Paschal candle candle used in liturgies of western churches during the Easter season

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Altar structure upon which offerings such as sacrifices are made for religious purposes

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According to the Hebrew Bible the tabernacle, also known as the Tent of the Congregation, was the portable earthly dwelling place of Yahweh (God) used by the children of Israel from the Exodus until the conquest of Canaan. It was constructed of 4 woven layers of curtains and 48 15 foot tall standing wood boards overlayed in gold and held in place by its bars and silver sockets and was richly furnished with valuable materials taken from Egypt at God's orders. Moses was instructed at Mount Sinai to construct and transport the tabernacle with the Israelites on their journey through the wilderness and their subsequent conquest of the Promised Land. After 440 years, Solomon's Temple in Jerusalem superseded it as the dwelling-place of God.

Holy of Holies term in the Hebrew Bible

The Holy of Holies is a term in the Hebrew Bible which refers to the inner sanctuary of the Tabernacle where God's presence appeared. According to Hebrew Tradition, the area was defined by four pillars which held up the veil of the covering, under which the Ark of the Covenant was held above the floor. The Ark according to Hebrew Scripture contained the Ten Commandments, which were given by God to Moses on Mount Sinai. King Solomon built the Temple in Jerusalem, where the Ark of the Covenant was supposed to be kept.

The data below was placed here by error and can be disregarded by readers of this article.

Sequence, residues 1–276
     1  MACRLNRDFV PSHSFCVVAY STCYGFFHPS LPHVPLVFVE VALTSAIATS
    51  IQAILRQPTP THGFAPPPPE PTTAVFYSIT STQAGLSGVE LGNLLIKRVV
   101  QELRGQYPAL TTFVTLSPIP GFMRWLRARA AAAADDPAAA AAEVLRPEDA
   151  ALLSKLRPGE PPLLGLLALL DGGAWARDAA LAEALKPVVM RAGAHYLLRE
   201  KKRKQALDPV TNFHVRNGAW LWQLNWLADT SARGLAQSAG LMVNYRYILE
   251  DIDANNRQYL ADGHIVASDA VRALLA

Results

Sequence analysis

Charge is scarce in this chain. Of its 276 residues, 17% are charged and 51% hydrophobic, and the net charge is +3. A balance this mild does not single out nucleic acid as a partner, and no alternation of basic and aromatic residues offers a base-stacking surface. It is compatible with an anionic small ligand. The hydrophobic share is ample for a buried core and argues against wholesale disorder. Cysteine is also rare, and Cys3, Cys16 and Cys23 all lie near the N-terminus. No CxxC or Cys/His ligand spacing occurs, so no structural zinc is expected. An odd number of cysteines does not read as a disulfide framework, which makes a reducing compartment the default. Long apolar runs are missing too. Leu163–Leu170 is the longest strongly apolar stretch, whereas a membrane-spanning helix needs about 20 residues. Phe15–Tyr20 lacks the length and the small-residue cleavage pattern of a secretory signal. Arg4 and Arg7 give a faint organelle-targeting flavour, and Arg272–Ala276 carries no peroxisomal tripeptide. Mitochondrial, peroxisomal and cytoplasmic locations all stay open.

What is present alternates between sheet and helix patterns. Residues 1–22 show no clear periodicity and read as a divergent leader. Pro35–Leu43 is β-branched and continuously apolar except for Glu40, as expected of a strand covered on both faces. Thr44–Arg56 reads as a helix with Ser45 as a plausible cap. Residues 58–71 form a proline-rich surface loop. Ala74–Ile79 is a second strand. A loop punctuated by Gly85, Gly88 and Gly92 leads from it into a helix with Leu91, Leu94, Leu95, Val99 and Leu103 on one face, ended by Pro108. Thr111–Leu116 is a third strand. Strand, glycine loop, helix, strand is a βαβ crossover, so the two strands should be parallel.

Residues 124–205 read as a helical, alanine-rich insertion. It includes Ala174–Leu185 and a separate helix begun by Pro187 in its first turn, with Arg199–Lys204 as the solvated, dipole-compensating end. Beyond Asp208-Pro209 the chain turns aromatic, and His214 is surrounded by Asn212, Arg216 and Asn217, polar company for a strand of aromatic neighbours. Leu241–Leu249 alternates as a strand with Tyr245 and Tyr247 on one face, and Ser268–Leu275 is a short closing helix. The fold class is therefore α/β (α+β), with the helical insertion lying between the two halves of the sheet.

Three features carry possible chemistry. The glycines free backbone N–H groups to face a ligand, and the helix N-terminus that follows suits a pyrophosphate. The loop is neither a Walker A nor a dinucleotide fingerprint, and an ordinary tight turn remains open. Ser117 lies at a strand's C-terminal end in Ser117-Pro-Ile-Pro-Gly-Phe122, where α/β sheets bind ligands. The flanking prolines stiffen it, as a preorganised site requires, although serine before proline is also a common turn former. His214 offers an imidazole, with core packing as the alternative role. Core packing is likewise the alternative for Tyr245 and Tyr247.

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Votive candle type of votive offering in Christianity

A votive candle or prayer candle is a small candle, typically white or beeswax yellow, intended to be burnt as a votive offering in an act of Christian prayer, especially within the Anglican, Lutheran, and Roman Catholic Christian denominations, among others. In Christianity, votive candles are commonplace in many churches, as well as home altars, and symbolize the "prayers the worshipper is offering for him or herself, or for other people." The size of a votive candle is often two inches tall by one and a half inches diameter, although other votive candles can be significantly taller and wider. In other religions, such as Hinduism and Buddhism, similar offerings exist, which include diyas and butter lamps.

Menorah (Hanukkah) nine-branched candelabrum lit during the eight-day holiday of Hanukkah

The Hanukkah menorah, also chanukiah or hanukkiah, is a nine-branched candelabrum lit during the eight-day holiday of Hanukkah, as opposed to the seven-branched menorah used in the ancient Temple or as a symbol.

Easter Vigil

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A tabernacle is a fixed, locked box in which, in some Christian churches, the Eucharist is "reserved" (stored). A less obvious container for the same purpose, set into a wall, is called an aumbry.

Altar lamp